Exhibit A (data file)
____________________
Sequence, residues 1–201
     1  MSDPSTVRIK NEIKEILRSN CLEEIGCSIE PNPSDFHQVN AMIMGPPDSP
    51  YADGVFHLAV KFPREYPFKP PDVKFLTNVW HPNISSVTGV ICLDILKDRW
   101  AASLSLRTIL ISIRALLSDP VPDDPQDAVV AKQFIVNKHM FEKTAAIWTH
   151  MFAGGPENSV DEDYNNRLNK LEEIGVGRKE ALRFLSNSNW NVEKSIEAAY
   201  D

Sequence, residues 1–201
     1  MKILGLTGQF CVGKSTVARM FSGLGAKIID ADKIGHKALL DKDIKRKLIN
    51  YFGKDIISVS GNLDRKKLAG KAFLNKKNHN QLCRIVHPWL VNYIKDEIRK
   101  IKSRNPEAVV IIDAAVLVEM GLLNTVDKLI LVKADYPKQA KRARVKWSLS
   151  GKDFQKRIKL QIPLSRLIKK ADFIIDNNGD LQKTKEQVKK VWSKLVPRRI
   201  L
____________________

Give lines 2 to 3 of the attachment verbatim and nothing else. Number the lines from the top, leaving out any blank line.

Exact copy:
     1  MSDPSTVRIK NEIKEILRSN CLEEIGCSIE PNPSDFHQVN AMIMGPPDSP
    51  YADGVFHLAV KFPREYPFKP PDVKFLTNVW HPNISSVTGV ICLDILKDRW